No spoilers.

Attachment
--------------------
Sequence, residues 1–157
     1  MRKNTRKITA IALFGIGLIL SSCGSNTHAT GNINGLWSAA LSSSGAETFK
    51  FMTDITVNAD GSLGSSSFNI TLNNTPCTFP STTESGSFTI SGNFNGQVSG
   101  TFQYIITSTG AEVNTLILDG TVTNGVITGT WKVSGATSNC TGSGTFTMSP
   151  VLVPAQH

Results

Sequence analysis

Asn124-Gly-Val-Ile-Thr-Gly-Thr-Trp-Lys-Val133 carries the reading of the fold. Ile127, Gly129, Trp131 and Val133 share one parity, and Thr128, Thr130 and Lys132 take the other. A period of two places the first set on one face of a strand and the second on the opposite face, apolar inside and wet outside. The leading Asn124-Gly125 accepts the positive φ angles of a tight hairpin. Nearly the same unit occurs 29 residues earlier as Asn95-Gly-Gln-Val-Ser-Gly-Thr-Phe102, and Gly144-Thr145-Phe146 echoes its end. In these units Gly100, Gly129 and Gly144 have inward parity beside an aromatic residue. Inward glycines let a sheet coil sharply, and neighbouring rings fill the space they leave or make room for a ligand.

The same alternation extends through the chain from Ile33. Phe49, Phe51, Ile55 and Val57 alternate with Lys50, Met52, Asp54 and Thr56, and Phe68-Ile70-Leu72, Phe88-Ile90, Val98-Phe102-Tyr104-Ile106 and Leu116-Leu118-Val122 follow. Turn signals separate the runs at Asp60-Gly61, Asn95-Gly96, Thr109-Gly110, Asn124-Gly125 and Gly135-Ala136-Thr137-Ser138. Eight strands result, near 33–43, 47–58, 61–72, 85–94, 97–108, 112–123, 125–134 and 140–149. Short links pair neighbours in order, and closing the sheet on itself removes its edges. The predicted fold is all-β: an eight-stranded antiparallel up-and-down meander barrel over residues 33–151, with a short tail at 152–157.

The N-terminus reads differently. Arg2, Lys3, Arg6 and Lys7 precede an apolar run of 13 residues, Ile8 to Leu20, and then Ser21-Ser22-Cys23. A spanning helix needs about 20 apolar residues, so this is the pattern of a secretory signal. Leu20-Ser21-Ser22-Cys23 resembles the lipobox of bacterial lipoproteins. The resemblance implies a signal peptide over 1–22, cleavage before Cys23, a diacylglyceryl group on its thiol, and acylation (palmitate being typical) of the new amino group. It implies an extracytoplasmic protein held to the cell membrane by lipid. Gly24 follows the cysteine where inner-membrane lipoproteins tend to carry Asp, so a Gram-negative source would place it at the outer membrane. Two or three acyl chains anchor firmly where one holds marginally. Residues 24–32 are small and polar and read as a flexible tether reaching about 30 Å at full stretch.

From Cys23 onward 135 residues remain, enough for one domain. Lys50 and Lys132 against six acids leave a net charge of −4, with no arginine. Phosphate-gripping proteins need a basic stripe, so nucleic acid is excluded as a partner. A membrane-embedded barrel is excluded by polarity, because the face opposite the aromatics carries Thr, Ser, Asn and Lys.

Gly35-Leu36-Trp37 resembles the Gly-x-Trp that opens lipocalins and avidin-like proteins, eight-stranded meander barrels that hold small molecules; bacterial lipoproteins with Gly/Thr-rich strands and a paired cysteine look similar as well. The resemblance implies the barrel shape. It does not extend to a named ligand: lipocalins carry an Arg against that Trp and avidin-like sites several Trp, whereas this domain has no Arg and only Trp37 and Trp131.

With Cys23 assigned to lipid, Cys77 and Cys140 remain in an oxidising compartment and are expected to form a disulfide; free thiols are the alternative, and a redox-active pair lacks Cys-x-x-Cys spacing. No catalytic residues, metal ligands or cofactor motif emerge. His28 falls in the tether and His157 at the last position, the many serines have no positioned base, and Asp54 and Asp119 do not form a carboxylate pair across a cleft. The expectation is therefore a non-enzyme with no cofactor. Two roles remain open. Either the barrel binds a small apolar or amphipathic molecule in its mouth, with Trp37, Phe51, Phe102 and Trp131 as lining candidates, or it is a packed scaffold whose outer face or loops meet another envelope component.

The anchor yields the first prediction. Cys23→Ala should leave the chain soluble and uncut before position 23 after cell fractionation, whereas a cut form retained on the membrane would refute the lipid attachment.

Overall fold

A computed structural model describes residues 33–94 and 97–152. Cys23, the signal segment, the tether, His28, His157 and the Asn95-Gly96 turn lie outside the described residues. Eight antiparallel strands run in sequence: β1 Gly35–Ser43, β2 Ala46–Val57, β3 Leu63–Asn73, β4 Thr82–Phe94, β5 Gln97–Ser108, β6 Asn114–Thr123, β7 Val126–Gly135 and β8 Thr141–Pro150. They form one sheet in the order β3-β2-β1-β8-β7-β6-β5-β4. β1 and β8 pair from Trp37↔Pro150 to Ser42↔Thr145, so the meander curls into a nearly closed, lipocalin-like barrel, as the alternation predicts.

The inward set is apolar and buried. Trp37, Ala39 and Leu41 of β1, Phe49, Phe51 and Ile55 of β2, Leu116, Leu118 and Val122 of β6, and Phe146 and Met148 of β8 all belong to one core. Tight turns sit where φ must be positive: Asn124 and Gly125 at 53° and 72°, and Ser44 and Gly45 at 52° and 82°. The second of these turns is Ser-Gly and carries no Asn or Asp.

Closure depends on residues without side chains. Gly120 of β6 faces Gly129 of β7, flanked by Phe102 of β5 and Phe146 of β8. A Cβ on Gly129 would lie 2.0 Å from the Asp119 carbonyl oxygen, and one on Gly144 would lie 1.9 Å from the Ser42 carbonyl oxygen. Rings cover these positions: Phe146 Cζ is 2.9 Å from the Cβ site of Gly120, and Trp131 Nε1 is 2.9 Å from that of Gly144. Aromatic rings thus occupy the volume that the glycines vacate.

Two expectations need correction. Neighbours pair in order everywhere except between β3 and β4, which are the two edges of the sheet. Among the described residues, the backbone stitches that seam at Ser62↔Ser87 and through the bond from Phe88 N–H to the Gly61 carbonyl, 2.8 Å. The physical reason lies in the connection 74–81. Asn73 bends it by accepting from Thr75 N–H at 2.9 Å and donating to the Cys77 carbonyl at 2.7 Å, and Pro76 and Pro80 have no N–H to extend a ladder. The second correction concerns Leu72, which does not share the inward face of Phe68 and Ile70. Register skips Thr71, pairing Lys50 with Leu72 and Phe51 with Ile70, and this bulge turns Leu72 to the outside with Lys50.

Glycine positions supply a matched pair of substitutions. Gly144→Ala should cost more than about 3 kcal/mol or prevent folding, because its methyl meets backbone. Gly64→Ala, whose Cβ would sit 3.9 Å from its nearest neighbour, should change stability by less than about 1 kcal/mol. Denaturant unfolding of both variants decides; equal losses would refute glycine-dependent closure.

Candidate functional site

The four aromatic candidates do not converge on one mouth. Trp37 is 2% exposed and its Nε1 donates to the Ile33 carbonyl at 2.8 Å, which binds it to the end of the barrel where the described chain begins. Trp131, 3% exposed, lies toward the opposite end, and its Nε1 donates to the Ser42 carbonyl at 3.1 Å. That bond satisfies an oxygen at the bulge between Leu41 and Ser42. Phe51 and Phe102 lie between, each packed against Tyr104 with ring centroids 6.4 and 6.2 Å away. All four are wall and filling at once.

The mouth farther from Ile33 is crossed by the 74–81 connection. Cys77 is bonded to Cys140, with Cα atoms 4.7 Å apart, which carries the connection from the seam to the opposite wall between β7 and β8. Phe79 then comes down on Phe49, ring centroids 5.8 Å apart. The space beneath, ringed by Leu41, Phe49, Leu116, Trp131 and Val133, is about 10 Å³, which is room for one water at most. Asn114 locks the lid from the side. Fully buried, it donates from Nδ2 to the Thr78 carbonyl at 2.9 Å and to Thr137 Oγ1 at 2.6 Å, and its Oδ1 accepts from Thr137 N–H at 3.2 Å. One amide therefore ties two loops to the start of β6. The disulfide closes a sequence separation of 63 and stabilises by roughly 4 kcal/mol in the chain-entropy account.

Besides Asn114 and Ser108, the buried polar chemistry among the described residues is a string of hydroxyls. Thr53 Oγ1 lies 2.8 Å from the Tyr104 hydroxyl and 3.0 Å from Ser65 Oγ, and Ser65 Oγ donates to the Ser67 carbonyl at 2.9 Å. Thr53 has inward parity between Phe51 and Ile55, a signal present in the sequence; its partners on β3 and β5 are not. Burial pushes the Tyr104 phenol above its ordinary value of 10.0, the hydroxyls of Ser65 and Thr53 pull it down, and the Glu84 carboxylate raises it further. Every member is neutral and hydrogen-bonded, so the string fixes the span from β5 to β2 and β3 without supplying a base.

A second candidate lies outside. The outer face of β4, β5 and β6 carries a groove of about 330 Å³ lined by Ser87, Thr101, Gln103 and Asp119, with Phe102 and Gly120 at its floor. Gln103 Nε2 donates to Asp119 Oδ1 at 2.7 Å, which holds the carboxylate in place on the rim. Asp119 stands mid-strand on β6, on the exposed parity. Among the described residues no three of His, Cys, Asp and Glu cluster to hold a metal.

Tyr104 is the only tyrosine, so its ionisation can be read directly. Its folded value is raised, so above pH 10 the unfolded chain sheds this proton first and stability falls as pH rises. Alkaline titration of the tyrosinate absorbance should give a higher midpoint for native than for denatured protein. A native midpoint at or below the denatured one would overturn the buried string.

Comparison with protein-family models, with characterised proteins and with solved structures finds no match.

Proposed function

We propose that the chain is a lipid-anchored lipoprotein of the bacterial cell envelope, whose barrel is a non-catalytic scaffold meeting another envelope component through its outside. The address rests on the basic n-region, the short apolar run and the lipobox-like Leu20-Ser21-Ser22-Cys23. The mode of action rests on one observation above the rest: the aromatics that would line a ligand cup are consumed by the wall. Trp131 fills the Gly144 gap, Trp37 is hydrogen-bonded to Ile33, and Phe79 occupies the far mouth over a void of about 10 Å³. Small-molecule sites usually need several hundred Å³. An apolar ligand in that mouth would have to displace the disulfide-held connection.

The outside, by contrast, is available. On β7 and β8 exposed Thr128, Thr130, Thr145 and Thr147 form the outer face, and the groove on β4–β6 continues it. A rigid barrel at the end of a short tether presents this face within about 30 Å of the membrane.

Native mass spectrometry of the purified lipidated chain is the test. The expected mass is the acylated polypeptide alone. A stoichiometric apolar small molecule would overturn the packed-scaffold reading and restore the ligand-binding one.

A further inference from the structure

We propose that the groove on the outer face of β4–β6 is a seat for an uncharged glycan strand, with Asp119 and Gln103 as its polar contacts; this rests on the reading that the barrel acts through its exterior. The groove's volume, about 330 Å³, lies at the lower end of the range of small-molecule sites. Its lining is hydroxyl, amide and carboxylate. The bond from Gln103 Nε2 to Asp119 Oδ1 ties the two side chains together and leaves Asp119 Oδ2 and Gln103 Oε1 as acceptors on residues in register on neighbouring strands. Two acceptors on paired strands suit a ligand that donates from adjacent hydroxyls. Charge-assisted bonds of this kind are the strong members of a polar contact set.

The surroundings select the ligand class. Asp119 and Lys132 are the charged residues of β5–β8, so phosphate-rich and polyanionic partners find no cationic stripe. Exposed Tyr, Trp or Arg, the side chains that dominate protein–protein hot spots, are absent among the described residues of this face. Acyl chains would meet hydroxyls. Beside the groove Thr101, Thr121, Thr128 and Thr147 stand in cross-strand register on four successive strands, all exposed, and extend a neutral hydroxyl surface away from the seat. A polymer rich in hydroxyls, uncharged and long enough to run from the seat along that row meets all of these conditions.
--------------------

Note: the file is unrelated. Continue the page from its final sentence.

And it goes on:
Anya is an original and complex heroine, which makes up for minor annoyances in her character (such as her slightly pedantic references to her “Daddy” and his maxims), and even her less admirable actions, such as lashing out at a loyal friend, are understandable. She has been saddled with adolescent hormones and adult responsibilities, and she is desperately trying to keep afloat with the added complication of mobster woes. While she is occasionally selfish, and can be thoughtlessly cruel, you can tell how trapped she feels, see how often she sacrifices herself for her loved ones, and you can watch as she grows to be a stronger character throughout the book. I don’t usually like reading from a first-person point of view, but Anya’s practical, confessional, subconsciously wistful tone won me over. (Though I would have preferred a bit less frequent breaking of the fourth wall, since a few of the instances were awkwardly formal, and highlighted gaps in the narrative rather than helping to smoothly change scenes.)